The role of ascorbic acid and its derivatives in resistance to environmental and dietary toxicity of aquatic organisms
The impact of hyposalinity, shallow water, handling, temperature, and nitrite on ascorbic acid concentrations in various fish organs has been studied by a number of authors.3, 4, 5, 6, 7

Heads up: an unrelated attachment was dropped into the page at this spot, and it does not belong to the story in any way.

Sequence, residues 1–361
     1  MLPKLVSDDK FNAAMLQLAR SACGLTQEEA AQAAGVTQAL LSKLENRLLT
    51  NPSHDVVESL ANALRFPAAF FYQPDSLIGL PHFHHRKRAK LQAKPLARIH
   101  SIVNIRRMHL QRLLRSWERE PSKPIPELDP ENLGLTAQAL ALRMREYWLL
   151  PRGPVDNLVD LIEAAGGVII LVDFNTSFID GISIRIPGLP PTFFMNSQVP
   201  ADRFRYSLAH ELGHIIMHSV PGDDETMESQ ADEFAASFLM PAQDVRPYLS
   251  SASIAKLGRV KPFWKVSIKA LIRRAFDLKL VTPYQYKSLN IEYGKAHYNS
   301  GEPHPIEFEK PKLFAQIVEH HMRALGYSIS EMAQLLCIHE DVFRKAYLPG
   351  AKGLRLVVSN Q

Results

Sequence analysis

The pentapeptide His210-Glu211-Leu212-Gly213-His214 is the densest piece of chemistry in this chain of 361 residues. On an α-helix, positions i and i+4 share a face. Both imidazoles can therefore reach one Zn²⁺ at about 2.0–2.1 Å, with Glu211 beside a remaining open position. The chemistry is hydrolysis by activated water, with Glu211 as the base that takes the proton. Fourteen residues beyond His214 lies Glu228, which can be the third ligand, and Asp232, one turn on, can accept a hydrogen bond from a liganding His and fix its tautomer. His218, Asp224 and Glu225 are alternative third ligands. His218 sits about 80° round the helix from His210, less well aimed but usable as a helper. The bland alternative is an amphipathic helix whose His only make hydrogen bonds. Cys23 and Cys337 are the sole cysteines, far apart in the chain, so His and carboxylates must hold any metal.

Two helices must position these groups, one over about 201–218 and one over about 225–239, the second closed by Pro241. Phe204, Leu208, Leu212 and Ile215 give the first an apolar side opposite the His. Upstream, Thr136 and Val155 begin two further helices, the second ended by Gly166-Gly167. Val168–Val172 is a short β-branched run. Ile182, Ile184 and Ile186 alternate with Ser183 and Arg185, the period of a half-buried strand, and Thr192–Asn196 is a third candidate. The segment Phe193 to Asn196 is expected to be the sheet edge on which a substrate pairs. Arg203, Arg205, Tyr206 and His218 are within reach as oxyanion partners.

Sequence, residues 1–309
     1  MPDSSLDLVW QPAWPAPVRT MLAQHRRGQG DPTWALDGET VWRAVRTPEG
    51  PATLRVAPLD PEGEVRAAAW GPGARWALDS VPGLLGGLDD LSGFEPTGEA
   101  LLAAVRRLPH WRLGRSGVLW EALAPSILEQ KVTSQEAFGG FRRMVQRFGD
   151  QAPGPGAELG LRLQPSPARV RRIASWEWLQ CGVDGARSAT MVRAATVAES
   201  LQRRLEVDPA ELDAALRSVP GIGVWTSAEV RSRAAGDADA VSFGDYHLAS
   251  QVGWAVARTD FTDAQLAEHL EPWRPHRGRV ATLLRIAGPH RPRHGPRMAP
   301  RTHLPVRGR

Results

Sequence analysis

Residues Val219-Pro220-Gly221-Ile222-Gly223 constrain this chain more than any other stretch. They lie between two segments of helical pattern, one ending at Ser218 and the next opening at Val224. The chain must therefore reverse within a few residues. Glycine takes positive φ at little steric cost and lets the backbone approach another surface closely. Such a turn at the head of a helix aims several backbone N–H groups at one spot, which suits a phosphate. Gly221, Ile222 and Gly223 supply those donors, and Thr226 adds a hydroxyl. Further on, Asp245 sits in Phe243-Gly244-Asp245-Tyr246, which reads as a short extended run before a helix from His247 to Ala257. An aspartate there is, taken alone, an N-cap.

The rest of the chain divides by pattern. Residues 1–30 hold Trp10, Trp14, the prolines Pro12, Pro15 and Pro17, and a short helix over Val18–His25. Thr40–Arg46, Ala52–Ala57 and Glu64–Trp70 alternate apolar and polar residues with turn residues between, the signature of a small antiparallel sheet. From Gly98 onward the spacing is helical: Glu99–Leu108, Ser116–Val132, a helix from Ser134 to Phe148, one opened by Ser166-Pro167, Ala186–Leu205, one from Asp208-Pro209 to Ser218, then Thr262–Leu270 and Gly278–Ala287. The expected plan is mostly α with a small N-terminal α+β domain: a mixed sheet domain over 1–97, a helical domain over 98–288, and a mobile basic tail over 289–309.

The concentration of ascorbic acid in different organs in fish fluctuates over the year. Thomas et al.3 showed that the ascorbic acid concentration is maximal in liver during the summer when the temperature is high, and minimal during the winter. This may be due to a decreased dietary intake of the vitamin at low water temperature. The highest ascorbic acid concentration was detected in the brain. In contrast to the liver, the concentration in the brain declined during the summer. Thomas5 showed that increasing water temperature caused a decline in brain ascorbic acid content in juvenile mullet (Mugil cephalus L). A temperature-dependent generation of reactive O2 due to lipid peroxidation has been shown in freshwater catfish (Heteropneustes fossilis).6 Furthermore, hepatic superoxide dismutase (SOD) activity increased, and the ascorbic acid concentration in the liver was significantly reduced at increased water temperatures. There were also declines in major phospholipids, which might be due to reactive metabolites formed as a result of lipid peroxidation. Elevated temperatures also caused decreased concentrations of ascorbic acid in both gill and air sac tissue of freshwater catfish.7 The increased SOD activity and depletion of ascorbic acid in different tissues suggest that SOD and ascorbic acid act as effective oxyradical scavengers as a result of temperature stress.